High on the list of complaints about pantyhose is that it just doesn’t last long enough. But from an environmental point of view it lasts too long once a discarded pair moves from your household trash to the landfill. Efforts at recycling can include using old pantyhose to stake tomato plants and make sachets, but there’s a small snag considering that sheer hosiery sales alone exceeded $1 billion over a recent 12-month period, according to the NPD Group, a market research company.
Some hosiery companies have moved toward more environmentally-friendly manufacturing, says Sally Kay, president and CEO of the Hosiery Association, a trade group. Open a package of No nonsense pantyhose and you’ll find a green card encouraging you to gather your old pantyhose and mail them to the company, where they’ll be sent to recycling facilities to be used to make park benches, ropes and playground equipment. “Our current goal is to recycle five percent of our sheer hosiery shipments, the most popular kind sold,” says Steve Brinkey, director of marketing at Kayser-Roth, maker of No nonsense.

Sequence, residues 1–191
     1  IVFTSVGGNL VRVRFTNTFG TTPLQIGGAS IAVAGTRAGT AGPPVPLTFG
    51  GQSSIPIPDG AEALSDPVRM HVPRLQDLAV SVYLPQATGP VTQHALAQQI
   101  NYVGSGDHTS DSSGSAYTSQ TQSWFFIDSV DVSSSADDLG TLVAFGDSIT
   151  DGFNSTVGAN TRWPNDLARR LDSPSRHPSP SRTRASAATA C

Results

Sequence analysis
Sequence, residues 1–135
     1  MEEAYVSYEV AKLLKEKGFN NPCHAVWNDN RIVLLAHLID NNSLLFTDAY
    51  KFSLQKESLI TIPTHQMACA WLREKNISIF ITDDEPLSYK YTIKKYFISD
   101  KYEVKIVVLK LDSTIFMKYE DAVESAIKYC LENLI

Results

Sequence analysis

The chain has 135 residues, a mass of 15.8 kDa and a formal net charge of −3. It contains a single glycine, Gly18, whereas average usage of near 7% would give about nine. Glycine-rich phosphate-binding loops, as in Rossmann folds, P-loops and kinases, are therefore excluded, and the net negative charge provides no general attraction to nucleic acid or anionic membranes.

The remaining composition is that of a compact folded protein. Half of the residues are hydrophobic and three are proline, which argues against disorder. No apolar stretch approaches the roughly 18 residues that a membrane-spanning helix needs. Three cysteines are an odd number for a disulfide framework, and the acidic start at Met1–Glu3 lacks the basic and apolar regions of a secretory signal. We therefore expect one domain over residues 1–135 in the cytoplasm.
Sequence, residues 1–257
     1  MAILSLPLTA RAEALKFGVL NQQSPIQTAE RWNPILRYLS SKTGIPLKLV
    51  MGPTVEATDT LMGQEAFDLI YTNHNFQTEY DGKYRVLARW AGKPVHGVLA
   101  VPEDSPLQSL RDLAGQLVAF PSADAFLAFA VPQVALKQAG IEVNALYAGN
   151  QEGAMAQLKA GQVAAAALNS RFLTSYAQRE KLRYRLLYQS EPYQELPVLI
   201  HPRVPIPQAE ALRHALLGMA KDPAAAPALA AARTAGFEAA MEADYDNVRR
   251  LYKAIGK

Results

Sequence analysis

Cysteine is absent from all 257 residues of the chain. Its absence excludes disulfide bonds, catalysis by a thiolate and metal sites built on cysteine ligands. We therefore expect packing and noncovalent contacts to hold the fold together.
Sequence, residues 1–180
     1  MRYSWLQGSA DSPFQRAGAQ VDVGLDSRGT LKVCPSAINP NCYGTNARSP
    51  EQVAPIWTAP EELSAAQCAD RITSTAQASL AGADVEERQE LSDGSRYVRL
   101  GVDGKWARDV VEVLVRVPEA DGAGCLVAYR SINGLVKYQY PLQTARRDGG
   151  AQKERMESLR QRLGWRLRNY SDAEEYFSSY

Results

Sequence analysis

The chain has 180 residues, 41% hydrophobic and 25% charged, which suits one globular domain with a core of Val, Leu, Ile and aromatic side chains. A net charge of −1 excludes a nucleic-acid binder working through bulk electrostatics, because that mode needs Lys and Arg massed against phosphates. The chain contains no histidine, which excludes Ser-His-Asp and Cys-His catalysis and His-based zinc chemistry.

The company accepts all brands and colors of stockings, tights, and knee highs for recycling. The program was inspired, in part, by Nike’s recycling of athletic shoes, turning them into playground and athletic surfaces. Nike’s website claims the company recycles more than 1.5 million pairs of shoes a year.